Last time I wrote about the importance of structuring your insurance agency website for consistency and coherence. When I asked Kat Westcott, who has designed most of the insurance agency websites for SmartsPro Marketing, about what I said in that post, she agreed and added some of her own comments.
“Speaking in general, when I see poorly designed web sites, the flaw is usually that someone has tried to do it themselves without laying out a structure,” says Kat. “They just start typing into an html document. So the site is mostly text flowing down the page, on and on without any kind of visual relief or organization. Then comes the temptation to try to make things interesting by inserting various font sizes and popping in random graphics here and there, sometimes making poor choices about size and position. Attempting to set up your own web site from scratch is admirable, but often the choices made come with a price when you consider how the page affects your viewers and hoped-for customers.”
In addition to the problem of main pages filled with poorly formatted content, Kat also points out that often the sidebars and footers suffer from the same problems. “I sometimes see a lot of itty-bitty type in the sidebar, where it’s seemingly expected that people will read it. But really the sidebar should be more of a quick reference for lists, key points, graphics/ads, action buttons, etc. to accompany and counter-point the more densely packed main content area of the page. Things in the sidebar should be parceled out in small bites, like little information ‘snacks. It’s not an area for meaty content.
“In my opinion, the footer should be kept small and simple as well. Unless it’s going to be a deep area with a site map and/or plenty of white space, it’s not really the best place to position a lot of content, for reasons similar to why you should keep the sidebar simple,” says Kat. From a practical standpoint, people are not typically going to look at your footer for important information anyway, just incidentals.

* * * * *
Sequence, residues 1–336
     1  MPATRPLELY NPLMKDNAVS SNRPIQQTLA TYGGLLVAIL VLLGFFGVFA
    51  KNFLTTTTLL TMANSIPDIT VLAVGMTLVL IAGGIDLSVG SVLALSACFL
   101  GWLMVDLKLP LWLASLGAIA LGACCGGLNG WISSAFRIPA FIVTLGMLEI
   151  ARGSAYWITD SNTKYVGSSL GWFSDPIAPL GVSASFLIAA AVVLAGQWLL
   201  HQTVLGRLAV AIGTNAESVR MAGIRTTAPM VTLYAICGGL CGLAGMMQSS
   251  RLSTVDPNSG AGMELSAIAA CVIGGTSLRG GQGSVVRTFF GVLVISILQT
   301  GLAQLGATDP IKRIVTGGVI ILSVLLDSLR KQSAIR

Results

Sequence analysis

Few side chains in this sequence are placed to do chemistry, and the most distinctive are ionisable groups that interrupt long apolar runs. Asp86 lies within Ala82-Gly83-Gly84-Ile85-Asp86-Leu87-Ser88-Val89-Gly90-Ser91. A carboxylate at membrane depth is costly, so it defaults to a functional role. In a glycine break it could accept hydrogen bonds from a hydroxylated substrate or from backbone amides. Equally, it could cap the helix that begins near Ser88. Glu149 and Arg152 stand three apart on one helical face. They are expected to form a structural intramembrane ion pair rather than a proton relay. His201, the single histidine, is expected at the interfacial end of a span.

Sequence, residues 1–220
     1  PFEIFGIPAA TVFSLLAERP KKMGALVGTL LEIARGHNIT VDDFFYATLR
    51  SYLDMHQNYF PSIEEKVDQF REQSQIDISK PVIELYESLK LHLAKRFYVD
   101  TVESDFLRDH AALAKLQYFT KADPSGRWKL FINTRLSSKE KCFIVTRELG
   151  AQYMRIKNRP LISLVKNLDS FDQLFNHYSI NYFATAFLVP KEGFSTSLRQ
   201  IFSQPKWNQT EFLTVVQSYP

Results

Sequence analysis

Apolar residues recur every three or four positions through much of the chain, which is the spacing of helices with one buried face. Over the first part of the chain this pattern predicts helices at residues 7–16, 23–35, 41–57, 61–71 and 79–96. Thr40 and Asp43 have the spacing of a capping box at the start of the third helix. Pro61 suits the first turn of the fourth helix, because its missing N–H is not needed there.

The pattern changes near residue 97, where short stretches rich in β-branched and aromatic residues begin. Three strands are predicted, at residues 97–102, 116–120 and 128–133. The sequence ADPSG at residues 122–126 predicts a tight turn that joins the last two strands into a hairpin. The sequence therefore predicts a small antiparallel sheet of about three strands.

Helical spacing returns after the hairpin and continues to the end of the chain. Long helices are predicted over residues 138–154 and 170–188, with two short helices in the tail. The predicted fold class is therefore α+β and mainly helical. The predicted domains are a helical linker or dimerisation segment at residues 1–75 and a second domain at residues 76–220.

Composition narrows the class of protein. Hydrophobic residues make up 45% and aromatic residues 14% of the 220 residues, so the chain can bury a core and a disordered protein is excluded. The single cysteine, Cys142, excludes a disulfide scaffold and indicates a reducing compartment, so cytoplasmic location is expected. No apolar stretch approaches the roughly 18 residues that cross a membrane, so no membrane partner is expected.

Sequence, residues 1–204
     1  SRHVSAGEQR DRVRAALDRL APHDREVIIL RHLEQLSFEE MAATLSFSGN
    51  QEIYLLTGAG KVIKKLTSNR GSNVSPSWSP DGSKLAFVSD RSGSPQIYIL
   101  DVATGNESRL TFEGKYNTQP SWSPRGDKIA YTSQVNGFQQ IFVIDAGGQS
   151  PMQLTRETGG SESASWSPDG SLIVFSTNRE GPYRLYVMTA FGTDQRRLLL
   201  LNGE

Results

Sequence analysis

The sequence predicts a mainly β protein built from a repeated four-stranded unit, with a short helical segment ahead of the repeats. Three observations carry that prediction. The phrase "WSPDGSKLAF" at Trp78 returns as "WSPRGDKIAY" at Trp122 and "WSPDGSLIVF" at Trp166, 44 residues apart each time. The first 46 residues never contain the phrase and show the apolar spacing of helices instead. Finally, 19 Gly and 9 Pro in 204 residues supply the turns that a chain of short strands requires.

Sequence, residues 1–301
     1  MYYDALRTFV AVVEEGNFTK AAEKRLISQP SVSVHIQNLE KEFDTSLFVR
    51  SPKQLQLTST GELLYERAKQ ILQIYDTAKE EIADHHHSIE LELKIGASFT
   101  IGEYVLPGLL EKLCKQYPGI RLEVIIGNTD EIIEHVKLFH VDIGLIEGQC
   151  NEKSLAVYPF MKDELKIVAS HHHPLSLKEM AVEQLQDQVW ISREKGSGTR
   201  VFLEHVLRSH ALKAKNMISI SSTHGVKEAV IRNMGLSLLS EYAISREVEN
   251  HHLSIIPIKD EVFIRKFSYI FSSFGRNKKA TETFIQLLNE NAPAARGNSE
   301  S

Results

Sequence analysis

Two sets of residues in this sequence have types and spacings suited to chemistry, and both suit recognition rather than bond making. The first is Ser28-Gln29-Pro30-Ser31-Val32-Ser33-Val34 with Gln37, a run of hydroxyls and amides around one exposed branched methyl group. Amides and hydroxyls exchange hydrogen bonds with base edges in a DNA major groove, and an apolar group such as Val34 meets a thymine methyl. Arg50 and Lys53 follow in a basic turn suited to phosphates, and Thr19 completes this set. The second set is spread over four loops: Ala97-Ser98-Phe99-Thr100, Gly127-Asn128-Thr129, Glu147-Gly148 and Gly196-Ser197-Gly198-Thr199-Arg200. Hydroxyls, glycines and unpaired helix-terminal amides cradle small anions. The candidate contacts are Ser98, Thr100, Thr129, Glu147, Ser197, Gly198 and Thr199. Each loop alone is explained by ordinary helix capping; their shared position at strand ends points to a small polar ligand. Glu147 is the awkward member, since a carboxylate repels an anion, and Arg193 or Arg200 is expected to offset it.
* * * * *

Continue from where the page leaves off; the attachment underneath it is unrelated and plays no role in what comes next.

“The reason it is sometimes easy to make poor choices about where and how to place content, is that many times, people are working with no ‘bones’ to their site. They open an html document and start adding their content into it without the guidance of a structure, perhaps not understanding how sidebars and other features are supposed to work. Structure is key.
“The website layout diagram included in your last post is a good example of how many good websites are set up. If one were to view sites on the net with this structure in mind, one might see how these components are the ‘bones’ of most clean, easy-to-navigate, visually appealing sites. It may seem like a very basic layout, but it’s actually the structure of just about every site, regardless of a site’s sophistication. Sites sometimes have a feature slider in between the header and nav bar, or the main content area may be further organized into smaller pieces, but these additions are more or less just a variation of the basic structure.“
Kat concluded by pointing out that structuring your website using different containers — such as sidebars and footers as well as the main body of the page—for different content will ensure that your site provides good readability, visual flow that is easy on the eyes, and quick access to the data and opportunities that are most important to your customers and prospects.
Kat Westcott has been a freelance web and graphic designer since 1992.